The Folger Theatre’s production of “Richard III“ is the first production the institution has ever staged in the round. As the audience surrounds the stage, their eyes are all turned inward, to a center that cannot hold. But in this production, the complex character shattering under the strain of internal divisions isn’t the titular King; it’s the land he rules.
From his first entrance, Richard III (Drew Cortese) seems oddly unburdened for Shakespeare’s antihero. His limp is a loping skip, so exaggerated that I wondered if it was meant to be an affectation employed by Richard-the-character to discomfit his targets. However, that kind of artifice would be out of step with the unusual forthrightness of his spite in this production. Whether he’s seducing Anne, accusing the Queen, or ordering the execution of Hastings, he is quick and vicious, never charming or manipulative.
It seemed like the audience’s unique perspective was being carried over from his soliloquies and asides to the entire text of the play. We witnessed Richard’s naked contempt, even as he presumably presented a more flattering face to his targets.
But that hypothesis was disproved by Act III, Scene VII, when the audience was finally explicitly cast as Richard’s audience. As his accomplices, Buckingham and Catesby, whip up the Lord Mayor and the people of London to acclaim Richard as King, the Mayor stands in the aisle, and the audience represents the throng he leads.
There should be no asides in this scene, since any moment that Richard drops the mask and reveals his ugliness to the audience, he would also be revealing it to his subjects. However, this Richard continued to roll his eyes, sneer his lines, and exaggeratedly pretended to pray throughout the scene.
I began to wonder if I had been mistaken. Perhaps the audience had never seen a private side of Richard, and he really had been this snide and unsubtle to all the characters from the beginning. If this Richard can succeed—by pure brutality—there’s something rotten in the state of England.
“Richard III” is part of a tetralogy of history plays by Shakespeare that span the Wars of the Roses. The play opens in peacetime, as Richard informs us, “Now is the winter of our discontent made glorious summer by this sun of York” but, in this production, the kingdom is not at rest.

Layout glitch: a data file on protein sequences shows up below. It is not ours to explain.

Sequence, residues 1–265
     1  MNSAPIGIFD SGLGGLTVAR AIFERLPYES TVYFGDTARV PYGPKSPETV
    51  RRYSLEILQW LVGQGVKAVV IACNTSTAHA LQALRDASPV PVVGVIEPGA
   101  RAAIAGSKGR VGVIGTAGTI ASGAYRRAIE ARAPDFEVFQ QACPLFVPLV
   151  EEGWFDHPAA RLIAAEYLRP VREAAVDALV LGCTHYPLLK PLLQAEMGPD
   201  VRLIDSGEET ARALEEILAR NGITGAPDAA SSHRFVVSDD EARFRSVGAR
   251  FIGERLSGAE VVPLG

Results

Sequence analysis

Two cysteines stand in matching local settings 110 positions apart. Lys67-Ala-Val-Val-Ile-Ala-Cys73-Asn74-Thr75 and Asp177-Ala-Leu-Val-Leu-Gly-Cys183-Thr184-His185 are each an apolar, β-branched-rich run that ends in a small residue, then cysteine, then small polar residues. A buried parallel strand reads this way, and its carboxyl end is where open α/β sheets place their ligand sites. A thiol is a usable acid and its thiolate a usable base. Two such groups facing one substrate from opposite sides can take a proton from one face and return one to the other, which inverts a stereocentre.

When King Edward IV tries to mend relationships between rival factions in his court, all the nobles in this production openly scorn the attempt. A courtier kisses the hand of the queen and then pointedly wipes his lips clean once the king has passed on. The queen herself uses the bows of the nobles to humiliate them.
In the Folger’s staging, Richard isn’t set apart from the court by his vices, only by using his anger to orchestrate his own advancement, rather than waste it on fleeting insults, like the rest of the nobility. More than in most productions, there was no innocent foil to contrast Richard with.
Richmond, the man who defeats Richard and succeeds him as King Henry VII, appears a silent, spectral presence for most of the show. The only selfless act we witness in the show occurs when the Duke of Clarence, praying in prison, cries out:
O God! if my deep prayers cannot appease thee,
But thou wilt be avenged on my misdeeds,
Yet execute thy wrath in me alone,
O, spare my guiltless wife and my poor children!
Clarence prays, but the other victims of Richard, tutored by Queen Margaret, learn to curse. The miseries the characters recite feel cyclic. As Margaret reminds the queen that succeeded her, in station and in misery:
I had an Edward, till a Richard kill’d him;
I had a Harry, till a Richard kill’d him:
Thou hadst an Edward, till a Richard kill’d him;
Thou hadst a Richard, till a Richard killed him
The nobles and courtiers of the Folger production are steeped in despair. Richard’s savagery doesn’t need to be masked in this world; he is unique only because he uses his villainy to advance himself, rather than just to spite his enemies. There’s technically more hope in Richard’s murders than in Margaret’s curses.
At the close of the show, the audience lacks a sense of resolution. Since this Richard is straightforwardly wicked, his agonized dream and struggles with his conscience are not convincing. By this point, we’re not waiting to see how Richard will cope with his legacy of sin, but how England will.
All we receive is a glimpse of King Henry VII, victorious, crowned, and betrothed to the Queen that would unite the houses of York and Lancaster. But, having begun the show in the false peace that follows a battle, it’s hard for the audience to believe that removing Richard is enough to heal the nation.